Harems of the Mind

Passages of Western Art and Literature

Ruth Bernard Yeazell

View Inside Price: $65.00


September 10, 2000
328 pages, 6 1/8 x 9 1/4
37 b/w + 22 color illus.
ISBN: 9780300083897
Cloth

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Fascinating and mysterious, the idea of the harem long captured the imagination of the West. The Muslim practice of concealing the women of the household from the eyes of alien men tempted Europeans to extravagant projections of their own wishes and fears. This intriguing book examines the art that resulted. Drawing on a wide range of evidence from the late seventeenth century to the early twentieth century—including travel writing, literature, painting, and even opera—Ruth Bernard Yeazell demonstrates the surprising variety of expressions inspired by the harem of the Western imagination.

The book provides both a rich account of changing perceptions of the harem and a demonstration of the tenacious persistence of myth and stereotype. Yeazell shows that Europe’s hunger for facts about the harem combined repeatedly with the impulse to fantasize. Masculine erotic fantasies of the harem were reflected in the paintings of Ingres and Delacroix, the writings of de Sade, Byron, and Loti, and the work of anonymous pornographers. Alternate representations portrayed the harem as a prison or a locus of freedom, a place of murderous rivalry or a home of loving sisterhood, a chamber of erotic license or a nightmarish snare of frustration and ennui. And Montesquieu, Mozart, and Charlotte Brontë among others explored in their art the opposition of the imaginary pleasures of the harem to the freely chosen union of a loving couple. In a nuanced reading of Ingres’s Bain turc andother works, Yeazell concludes that for some the appeal of the harem lay in the fantasy of eluding time and death.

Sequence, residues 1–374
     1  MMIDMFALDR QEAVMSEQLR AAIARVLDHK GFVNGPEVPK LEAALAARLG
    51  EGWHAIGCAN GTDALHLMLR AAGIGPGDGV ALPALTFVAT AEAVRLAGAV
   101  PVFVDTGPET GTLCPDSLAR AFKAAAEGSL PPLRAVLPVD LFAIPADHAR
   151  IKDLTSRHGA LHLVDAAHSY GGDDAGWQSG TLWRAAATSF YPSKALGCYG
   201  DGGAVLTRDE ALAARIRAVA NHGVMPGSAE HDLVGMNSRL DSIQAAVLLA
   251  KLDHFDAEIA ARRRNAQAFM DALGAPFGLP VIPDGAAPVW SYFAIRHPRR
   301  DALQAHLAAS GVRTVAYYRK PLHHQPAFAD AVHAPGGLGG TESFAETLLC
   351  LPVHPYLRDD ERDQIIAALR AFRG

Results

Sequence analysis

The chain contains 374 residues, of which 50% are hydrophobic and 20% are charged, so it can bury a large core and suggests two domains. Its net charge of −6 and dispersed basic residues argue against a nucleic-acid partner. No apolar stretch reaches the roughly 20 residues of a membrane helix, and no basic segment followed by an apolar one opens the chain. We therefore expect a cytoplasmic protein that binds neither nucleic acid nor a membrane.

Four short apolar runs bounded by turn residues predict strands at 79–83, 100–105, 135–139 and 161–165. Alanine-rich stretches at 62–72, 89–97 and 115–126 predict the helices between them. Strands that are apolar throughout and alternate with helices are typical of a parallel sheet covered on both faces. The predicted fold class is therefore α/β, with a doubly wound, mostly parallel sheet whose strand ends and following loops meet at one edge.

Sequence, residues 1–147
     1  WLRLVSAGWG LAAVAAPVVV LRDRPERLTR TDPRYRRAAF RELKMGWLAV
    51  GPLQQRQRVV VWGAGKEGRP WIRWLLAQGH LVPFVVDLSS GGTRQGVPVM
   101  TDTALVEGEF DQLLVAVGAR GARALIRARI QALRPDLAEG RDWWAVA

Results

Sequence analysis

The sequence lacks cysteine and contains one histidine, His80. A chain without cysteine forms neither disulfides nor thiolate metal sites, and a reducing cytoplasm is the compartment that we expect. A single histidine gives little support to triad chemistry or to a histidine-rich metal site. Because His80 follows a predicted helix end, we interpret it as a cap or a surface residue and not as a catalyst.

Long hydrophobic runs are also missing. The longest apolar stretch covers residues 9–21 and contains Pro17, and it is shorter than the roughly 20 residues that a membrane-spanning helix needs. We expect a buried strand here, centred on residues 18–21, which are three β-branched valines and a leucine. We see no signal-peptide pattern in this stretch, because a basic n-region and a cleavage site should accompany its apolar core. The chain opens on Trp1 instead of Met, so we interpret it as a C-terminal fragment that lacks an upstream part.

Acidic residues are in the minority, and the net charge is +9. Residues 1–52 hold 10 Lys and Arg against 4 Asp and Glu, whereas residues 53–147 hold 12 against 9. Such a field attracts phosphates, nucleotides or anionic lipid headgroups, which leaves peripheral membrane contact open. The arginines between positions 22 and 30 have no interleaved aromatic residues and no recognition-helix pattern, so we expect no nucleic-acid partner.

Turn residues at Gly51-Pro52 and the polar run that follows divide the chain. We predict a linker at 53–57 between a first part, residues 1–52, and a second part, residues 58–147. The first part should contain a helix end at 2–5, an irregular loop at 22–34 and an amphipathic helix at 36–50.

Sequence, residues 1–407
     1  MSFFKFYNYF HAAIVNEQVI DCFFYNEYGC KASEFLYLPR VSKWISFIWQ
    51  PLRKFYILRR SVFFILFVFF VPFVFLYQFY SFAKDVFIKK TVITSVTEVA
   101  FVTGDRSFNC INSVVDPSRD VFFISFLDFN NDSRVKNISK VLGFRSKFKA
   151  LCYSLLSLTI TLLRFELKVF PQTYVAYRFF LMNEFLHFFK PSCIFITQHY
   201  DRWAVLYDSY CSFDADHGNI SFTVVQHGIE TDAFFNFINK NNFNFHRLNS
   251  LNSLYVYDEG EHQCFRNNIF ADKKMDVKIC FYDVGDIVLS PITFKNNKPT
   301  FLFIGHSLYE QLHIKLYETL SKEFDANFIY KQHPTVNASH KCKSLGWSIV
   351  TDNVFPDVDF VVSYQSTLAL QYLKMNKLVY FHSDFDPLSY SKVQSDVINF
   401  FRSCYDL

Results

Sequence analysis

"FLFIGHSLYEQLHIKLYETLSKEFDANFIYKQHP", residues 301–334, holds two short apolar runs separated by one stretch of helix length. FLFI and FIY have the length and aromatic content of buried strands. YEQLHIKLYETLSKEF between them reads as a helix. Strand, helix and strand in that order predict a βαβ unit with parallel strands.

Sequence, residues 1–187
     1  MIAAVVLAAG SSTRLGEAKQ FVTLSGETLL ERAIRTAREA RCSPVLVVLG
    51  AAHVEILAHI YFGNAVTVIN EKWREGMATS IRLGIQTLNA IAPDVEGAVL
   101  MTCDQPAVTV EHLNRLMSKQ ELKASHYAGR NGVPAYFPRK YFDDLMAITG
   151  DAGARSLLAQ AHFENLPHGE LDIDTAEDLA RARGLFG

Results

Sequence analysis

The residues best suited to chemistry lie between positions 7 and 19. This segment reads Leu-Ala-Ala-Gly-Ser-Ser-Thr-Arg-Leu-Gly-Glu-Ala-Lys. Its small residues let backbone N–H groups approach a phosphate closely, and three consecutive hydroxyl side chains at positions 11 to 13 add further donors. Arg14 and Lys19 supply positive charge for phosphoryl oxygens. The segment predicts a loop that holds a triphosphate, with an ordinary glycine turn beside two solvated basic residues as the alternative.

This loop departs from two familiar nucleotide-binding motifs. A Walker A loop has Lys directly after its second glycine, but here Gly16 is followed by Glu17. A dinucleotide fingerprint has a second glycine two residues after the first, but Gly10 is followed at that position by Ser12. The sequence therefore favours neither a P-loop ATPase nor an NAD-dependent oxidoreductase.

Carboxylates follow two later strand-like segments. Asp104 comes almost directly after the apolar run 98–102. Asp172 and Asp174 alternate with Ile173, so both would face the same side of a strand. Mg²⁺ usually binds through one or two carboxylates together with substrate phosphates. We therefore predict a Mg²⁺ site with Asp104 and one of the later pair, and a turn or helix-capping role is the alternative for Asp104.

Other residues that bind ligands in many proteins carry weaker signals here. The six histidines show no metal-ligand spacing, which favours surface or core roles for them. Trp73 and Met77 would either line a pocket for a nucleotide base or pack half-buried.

Ruth Bernard Yeazell is Chace Family Professor of English and director of the Lewis Walpole Library at Yale University.

“The principal strengths of Harems of the Mind are its extraordinarily broad range of references (particularly to little-known works by women writers) and the clarity and elegance of Yeazell’s prose. The author’s impressive knowledge means that she is able to organize representations into coherent thematic groups, to identify the principal topoi of this corpus, and to compare and contrast representations in a manner that highlights both shared preoccupations and unexpected differences.”—Madeleine Dobie, Eighteenth Century Fiction

“I enjoyed this book enormously, and so will anyone interested in Orientalism and the ways in which the West has imagined the East for the past five hundred years. Ruth Bernard Yeazell’s research is extraordinary and her erudition impressive. . . . Clearly accomplished in comparative reading, Yeazell draws together a range of examples for the reader that illuminates, as few other sources have, how profound and intent the West’s engagement was with what it understood as the Orient.”—Reina Lewis, Nineteenth-Century Literature

“[In] Harems of the Mind, . . . Yeazell examines how a mysterious Middle Eastern institution captivated the Western imagination and put its mark on European culture. . . . Yeazell examines some of the paintings, illustrations, novels, plays and operas that grew out of this fascination and shows how those works reflected myth rather than reality.”—Dorie Baker, Yale Bulletin and Calender


“I enjoyed this book enormously, and so will anyone interested in Orientalism and the ways in which the West has imagined the East for the past five hundred years. Ruth Bernard Yeazell’s research is extraordinary and her erudition impressive. . . . Clearly accomplished in comparative reading, Yeazell draws together a range of examples for the reader that illuminates, as few other sources have, how profound and intent the West’s engagement was with what it understood as the Orient.”—Reina Lewis, Nineteenth-Century Literature